No matter how good your encryption is if you don't properly secure the server that runs the PHP and DB all your efforts are worthless.most servers function relatively the same way, they have ports assigned to allow you to access them remotely either through ftp or shell.Make sure that you change the default port of which ever remote connection you have active.by not doing this you in effect have made the attacker do one less step in accessing your system.

USERNAME

For all that is good in the world do not use the username admin, root or something similar.also if you are on a unix based system do not make the root account login accessible, it should always be sudo only.

PASSWORD

You tell your users to make good passwords to avoid getting hacked, do the same.what is the point in going through all the effort of locking your front door when you have the backdoor wide open.

DATABASE

SERVER

Ideally you want your DB and APPLICATION on separate servers.this is not always possible due to cost, but it does allow for some safety as the attacker will have to go through two steps to fully access the system.

USER

Always have your application have its own account to access the DB, and only give it the privileges it will need.

Then have a separate user account for you that is not stored anywhere on the server, not even in the application.

Like always do not make this root or something similar.

PASSWORD

Follow the same guidelines as with all good passwords.also don't reuse the same password on any SERVER or DB accounts on the same system.

PHP

PASSWORD

NEVER ever store a password in your DB, instead store the hash and unique salt, i will explain why later.

HASHING

ONE way HASHING!!!!!!!, never hash a password in a way that it can be reversed, Hashes should be one way, meaning you don't reverse them and compare them to the password, you instead hash the entered password the same way and compare the two hashes.this means that even if an attacker gets access to the DB he doesn't know what the actually password is, just its resulting hash.which means more security for your users in the worst possible scenario.

There are a lot of good hashing functions out there ( password_hash, hash, etc...) but you need to select a good algorithm for the hash to be effective.(bcrypt and ones similar to it are decent algorithms. )

When hashing speed is the key, the slower the more resistant to Brute Force attacks.

One of the most common mistakes in hashing is that hashes are not unique to the users.this is mainly because salts are not uniquely generated.

SALTING

Passwords should always be salted before hashed.Salting adds a random string to the password so similar passwords don't appear the same in the DB.however if the salt is not unique to each user (ie :you use a hard coded salt) than you pretty much have made your salt worthless.because once an attacker figures out one password salt he has the salt for all of them.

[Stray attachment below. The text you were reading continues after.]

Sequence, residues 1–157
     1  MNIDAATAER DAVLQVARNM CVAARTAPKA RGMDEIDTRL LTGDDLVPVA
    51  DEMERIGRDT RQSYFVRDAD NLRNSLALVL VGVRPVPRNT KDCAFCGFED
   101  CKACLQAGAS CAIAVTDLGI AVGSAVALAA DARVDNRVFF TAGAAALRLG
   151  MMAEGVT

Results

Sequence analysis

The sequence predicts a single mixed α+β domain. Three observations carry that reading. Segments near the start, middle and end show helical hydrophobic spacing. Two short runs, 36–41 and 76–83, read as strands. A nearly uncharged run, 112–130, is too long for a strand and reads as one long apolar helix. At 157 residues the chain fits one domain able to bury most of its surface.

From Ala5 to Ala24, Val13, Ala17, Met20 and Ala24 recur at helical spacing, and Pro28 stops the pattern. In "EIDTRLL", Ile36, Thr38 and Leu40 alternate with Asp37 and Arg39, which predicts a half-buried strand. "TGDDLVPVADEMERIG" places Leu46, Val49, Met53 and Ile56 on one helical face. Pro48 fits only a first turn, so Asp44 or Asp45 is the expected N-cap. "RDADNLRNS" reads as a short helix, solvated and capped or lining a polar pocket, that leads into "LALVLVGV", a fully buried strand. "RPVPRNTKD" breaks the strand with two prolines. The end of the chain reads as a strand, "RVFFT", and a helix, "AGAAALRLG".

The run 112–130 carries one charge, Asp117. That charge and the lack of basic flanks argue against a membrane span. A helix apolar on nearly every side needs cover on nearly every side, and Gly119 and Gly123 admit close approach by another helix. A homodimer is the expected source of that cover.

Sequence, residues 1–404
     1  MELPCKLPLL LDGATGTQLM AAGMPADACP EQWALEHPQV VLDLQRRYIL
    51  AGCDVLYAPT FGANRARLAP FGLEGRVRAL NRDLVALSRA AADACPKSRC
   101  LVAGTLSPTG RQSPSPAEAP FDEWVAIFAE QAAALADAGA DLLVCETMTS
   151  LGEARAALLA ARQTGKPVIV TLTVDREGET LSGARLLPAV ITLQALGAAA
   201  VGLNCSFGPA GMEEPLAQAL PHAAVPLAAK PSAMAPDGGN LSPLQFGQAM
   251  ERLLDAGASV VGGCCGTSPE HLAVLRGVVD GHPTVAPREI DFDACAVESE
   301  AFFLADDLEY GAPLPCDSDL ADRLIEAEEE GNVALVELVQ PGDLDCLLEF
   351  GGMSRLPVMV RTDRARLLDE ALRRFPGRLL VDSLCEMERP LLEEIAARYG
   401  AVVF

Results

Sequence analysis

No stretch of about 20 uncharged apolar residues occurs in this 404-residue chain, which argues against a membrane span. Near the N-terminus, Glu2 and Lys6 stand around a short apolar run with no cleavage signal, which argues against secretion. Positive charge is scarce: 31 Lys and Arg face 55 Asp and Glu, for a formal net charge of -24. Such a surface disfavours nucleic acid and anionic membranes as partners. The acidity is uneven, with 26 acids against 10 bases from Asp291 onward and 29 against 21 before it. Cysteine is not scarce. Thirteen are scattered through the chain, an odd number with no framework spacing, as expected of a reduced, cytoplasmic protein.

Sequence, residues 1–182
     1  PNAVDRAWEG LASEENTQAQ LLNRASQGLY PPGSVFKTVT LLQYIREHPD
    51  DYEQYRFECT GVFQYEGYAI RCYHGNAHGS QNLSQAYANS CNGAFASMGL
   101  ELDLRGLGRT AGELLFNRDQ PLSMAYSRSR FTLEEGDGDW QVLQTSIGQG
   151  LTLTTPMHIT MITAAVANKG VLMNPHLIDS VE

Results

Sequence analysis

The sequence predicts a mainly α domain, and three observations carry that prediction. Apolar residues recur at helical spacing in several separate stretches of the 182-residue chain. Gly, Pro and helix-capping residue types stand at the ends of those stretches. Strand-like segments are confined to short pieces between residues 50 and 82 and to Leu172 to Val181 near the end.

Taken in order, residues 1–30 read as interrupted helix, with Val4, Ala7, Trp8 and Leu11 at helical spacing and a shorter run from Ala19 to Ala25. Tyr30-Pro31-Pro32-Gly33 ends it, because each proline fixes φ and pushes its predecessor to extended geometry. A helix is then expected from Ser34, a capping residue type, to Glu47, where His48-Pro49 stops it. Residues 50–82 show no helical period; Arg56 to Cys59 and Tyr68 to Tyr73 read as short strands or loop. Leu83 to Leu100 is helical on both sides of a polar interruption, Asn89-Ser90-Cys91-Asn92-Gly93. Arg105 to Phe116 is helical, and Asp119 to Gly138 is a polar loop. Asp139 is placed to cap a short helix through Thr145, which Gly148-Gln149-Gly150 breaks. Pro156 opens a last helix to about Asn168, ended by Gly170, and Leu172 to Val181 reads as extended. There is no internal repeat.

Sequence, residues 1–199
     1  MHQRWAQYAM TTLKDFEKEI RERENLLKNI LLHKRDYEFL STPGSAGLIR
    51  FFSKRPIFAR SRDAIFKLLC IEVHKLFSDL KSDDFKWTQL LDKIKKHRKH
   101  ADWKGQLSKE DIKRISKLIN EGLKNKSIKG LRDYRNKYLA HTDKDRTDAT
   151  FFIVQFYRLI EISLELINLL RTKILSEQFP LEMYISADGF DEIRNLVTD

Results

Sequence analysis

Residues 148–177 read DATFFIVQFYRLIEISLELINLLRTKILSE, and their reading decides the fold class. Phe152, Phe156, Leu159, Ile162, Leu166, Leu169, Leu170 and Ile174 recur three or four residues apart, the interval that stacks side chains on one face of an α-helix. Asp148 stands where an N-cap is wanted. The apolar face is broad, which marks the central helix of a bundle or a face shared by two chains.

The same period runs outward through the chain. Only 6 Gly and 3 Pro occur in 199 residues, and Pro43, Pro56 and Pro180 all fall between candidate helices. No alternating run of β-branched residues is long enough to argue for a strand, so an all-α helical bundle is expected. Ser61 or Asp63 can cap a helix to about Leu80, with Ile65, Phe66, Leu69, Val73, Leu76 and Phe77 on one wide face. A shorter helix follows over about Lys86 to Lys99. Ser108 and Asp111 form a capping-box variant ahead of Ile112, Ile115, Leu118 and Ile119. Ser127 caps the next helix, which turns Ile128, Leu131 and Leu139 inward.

When you create a salt make sure it is unique to the password it is salting, then store both the completed hash and salt in your DB.what this will do is make it so that an attacker will have to individually crack each salt and hash before they can gain access.this means a lot more work and time for the attacker.

USERS CREATING PASSWORDS

If the user is creating a password through the frontend that means it has to be sent to the server.this opens up a security issue because that means the unencrypted password is being sent to the server and if a attacker is able to listen and access that all your security in PHP is worthless.always transmit the data SECURELY, this is done through SSL, but be weary even SSL is not flawless (OpenSSL's Heartbleed flaw is an example of this).

Also make the user create a secure password, it is simple and should always be done, the user will be grateful for it in the end.

Finally, no matter the security measures you take nothing is 100% secure, the more advanced the technology to protect becomes the more advanced the attacks become.but following these steps will make your site more secure and far less desirable for attackers to go after.

Here is a PHP class that creates a hash and salt for a password easily

http://git.io/mSJqpw

As of PHP 5.5, PHP has simple, secure functions for hashing and verifying passwords, password_hash() and password_verify()


$password = 'anna';
$hash = password_hash($password, PASSWORD_DEFAULT);
$expensiveHash = password_hash($password, PASSWORD_DEFAULT, array('cost' => 20));

password_verify('anna', $hash);//Returns true
password_verify('anna', $expensiveHash);//Also returns true
password_verify('elsa', $hash);//Returns false

When password_hash() is used, it generates a random salt and includes it in the outputted hash (along with the the cost and algorithm used.) password_verify() then reads that hash and determines the salt and encryption method use, and verifies it against the provided plaintext password.

Providing the PASSWORD_DEFAULT instructs PHP to use the default hashing algorithm of the installed version of PHP.exactly which algorithm that means is intended to change over time in future versions, so that it will always be one of the strongest available algorithms.

Increasing cost (which defaults to 10 ) makes the hash harder to brute-force but also means generating hashes and verifying passwords against them will be more work for your server's CPU.

Note that even though the default hashing algorithm may change, old hashes will continue to verify just fine because the algorithm used is stored in the hash and password_verify() picks up on it.